Wake Up, HR! Your Talent Supply Chain Has a Problem

Editor’s Note: This is the ninth of 12 essays from the new book, The Rise of HR; Wisdom From 73 Thoughts Leaders. It’s compiled by Dave Ulrich, Bill Schiemann and Libby Sartain, and sponsored by the HR Certification Institute.

By Lance J. Richards

I’m going out on a limb to argue that McKinsey might have erred a bit. (Very tough to argue against McKinsey research, right?)

Contrary to McKinsey’s 1997 assertion, the “war for talent” isn’t destined to continue through 2050.

It’s over. Done. Battle lost. Talent won.

Adapting to a brave new world

We, as employers and engagers of talent, lost. We, as HR professionals, are now having to adapt to this brave new world — whether we like it or not.

But this is actually no surprise. We’ve seen the demographics, we know the tightening in supply and demand. We know that the supply and demand equation for skilled talent is upside-down for the first time since … when? The Great Plague?

And we are faced with an inexorable problem.

We have people in the world. Lot’s of people. Some 6 billion people and growing.

But people, quite simply, do not always equal talent. Our core challenge today is converting all these people into skilled talent.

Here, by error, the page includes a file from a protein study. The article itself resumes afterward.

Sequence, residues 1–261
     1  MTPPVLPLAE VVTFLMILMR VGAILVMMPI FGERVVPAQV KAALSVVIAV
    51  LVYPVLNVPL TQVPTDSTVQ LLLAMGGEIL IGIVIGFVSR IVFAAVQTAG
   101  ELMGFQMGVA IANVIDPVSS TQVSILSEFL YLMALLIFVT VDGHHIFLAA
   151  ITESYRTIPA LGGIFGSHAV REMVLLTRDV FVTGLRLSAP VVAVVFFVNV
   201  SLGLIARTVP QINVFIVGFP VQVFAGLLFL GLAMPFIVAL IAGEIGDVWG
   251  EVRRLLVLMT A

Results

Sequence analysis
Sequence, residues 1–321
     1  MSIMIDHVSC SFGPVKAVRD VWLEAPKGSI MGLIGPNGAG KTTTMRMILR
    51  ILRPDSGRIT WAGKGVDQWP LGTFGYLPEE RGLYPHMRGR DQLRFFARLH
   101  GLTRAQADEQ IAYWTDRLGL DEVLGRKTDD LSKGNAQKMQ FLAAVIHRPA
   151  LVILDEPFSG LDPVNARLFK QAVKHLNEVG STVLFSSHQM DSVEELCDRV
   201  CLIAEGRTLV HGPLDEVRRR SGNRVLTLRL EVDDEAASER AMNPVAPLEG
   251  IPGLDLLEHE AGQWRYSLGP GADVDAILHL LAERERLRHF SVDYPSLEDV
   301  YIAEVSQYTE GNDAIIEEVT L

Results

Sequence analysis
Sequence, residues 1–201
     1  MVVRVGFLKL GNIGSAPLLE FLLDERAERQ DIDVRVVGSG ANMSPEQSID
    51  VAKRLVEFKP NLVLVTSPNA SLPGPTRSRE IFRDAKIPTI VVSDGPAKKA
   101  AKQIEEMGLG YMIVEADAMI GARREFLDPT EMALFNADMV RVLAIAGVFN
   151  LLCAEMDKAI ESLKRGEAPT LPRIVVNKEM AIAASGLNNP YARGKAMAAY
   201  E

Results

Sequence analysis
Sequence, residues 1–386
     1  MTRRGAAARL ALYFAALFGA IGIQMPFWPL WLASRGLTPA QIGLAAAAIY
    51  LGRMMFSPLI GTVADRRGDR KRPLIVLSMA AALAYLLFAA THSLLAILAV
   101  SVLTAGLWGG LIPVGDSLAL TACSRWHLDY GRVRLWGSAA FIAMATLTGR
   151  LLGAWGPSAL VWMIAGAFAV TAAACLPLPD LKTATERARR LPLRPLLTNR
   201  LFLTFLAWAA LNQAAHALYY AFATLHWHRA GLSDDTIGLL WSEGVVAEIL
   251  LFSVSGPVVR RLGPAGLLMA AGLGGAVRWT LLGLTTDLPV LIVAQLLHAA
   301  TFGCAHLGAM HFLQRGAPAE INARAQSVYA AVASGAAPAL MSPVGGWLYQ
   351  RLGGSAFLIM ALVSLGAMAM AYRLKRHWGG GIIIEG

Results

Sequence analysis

So first, how do we define talent? Well, it’s clearly “something above the ordinary.” There are a lot of definitions floating out there, but first I’ll give you mine. Talent, I believe, exists along a Bloomesque hierarchy. At the bottom of that hierarchy is simple data, simple counting of items or reading of information.

Turning data into information

A simple understanding of data, though, is insufficient to qualify as talent.

I’m seeking people a couple of steps further along this continuum. I view talent as the ability to take data and turn it into information. Then, talent (as I define it) can use this information to process and understand further data, to synthesize multiple information streams, and to apply that synthesis to create projections and situation resolutions.

Simply: Talent can convert data into actionable knowledge.